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BMJ wants full clinical trial data

(earlham.edu): This week's BMJ is dominated by a cluster of articles on oseltamivir (Tamiflu). Between them the articles conclude that the evidence that oseltamivir reduces complications in otherwise healthy people with pandemic influenza is now uncertain and that we need a radical change in the rules on access to trial data.
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Why Smart Publishers Care About Tech Conferences

(publishingperspectives.com): LeWeb, the largest technology conference in Europe, attracted nearly 2,400 attendees from 50 countries. Attendees represented a diversity of companies, from mobile carriers and device makers, to social media networks, small startups, and search providers - but very few from the publishing community. Why is that? Sure, the discussion was largely focused on social media, online marketing, mobile opportunities, and content distribution. Publishers who ignore such tech conferences are missing out on the next wave of innovation - on the very evolution of content creation, distribution and consumption. Companies and people at this conference (and others like it) are shaping the future.
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How Journals Can Twist and Manipulate Vaccine Research

(foodconsumer.org): Effective drug companies' marketing strategies have been convincing health care professionals and the public to change the laws. They can now sell their unproven and unsafe products in pharmacies, airports, college campuses, grocery stores and countless other outlets, despite the fact that three years ago, a study in the British Medical Journal concluded that the effectiveness of annual flu shots has been greatly exaggerated, and that in reality they have little or no effect on influenza campaign objectives. A study published in the Lancet found that influenza vaccination was NOT associated with a reduced risk of pneumonia in older people. That Lancet study supports a similar study done in 2006, published in The New England Journal of Medicine, which concluded that vaccination against pneumonia does not reduce your risk of contracting the disease.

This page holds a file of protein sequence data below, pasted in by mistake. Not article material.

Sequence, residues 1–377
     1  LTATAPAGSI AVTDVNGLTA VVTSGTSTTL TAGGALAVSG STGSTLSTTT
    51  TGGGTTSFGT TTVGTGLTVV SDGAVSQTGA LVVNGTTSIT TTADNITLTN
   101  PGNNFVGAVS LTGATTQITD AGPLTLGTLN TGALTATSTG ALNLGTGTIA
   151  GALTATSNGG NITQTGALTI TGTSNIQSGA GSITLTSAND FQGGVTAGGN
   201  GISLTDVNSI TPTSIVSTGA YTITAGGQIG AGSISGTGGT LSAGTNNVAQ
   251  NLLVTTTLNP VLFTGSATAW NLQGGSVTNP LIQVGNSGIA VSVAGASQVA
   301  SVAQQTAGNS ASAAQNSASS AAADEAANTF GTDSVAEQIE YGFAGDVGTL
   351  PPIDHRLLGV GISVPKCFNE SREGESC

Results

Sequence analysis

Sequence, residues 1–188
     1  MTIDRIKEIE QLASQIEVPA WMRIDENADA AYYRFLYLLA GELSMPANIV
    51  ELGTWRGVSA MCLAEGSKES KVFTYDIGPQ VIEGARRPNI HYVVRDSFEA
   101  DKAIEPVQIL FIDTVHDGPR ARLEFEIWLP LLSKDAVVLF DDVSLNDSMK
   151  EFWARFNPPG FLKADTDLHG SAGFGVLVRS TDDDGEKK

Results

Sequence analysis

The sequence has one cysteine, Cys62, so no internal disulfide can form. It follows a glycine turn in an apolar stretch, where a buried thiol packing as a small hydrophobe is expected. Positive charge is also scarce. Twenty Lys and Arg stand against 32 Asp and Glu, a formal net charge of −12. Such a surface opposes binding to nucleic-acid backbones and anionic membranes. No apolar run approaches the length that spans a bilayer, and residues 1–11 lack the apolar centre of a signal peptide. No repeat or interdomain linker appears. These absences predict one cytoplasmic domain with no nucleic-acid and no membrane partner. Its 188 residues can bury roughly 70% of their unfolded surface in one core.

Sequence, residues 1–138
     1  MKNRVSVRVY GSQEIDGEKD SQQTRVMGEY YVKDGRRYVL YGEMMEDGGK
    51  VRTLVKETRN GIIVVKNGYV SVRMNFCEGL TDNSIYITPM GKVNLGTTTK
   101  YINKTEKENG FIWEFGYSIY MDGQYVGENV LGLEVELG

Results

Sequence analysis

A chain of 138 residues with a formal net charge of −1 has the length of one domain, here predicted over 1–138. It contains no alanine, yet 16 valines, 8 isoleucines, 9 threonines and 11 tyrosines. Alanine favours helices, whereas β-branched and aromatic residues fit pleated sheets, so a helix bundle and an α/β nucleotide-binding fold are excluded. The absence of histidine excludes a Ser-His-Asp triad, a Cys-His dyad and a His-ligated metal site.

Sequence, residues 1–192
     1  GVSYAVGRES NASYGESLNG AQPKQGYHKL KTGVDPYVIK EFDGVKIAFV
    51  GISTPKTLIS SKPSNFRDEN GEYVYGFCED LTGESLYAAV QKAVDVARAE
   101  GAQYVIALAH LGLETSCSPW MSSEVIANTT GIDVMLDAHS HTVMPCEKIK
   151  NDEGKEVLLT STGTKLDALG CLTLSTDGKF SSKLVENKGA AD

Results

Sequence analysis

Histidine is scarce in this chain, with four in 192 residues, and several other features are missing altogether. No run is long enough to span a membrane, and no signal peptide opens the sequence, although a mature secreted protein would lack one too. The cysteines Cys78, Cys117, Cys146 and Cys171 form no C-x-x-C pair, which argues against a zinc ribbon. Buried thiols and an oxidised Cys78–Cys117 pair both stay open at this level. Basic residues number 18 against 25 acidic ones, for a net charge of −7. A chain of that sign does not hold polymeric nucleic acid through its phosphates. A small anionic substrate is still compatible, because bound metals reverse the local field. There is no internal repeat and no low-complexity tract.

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2010 Content Technology Predictions

(cmswatch.com): With only a few weeks left in 2009, it's time for the team of CMS Watch analysts to reveal their 2010 predictions, where they make there best guesses as to what the Content Technology industry will hold for you in the new year. On a whole, 2010 will be characterised by a movement by "back to the basics" among technology vendors. This includes a renewed focus on internal content technology applications. While some of these changes may seem modest, oftentimes recessionary times are the catalysts for necessary changes to be made.
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French information industry calls for caution on OA

(gfii.asso.fr): The GFII Working Group includes representatives from the main economic stakeholders involved in Open Access: research institutes, publishers, aggregators, internet services, subscription agents, academic libraries, etc. This statement summarizes the Group recommendations. The Group would like to first stress the need for a discipline sensitive approach to open access. To be effective, the dissemination of scientific and technological information must be organized on a discipline specific way. A discipline can be defined - among others, by the related scientific community, which can be very multidisciplinary or not, its history, its knowledge base, methods, and time scale, its specific ways of disseminating scientific output, the local or international characteristics of subjects studied, and its methodology.
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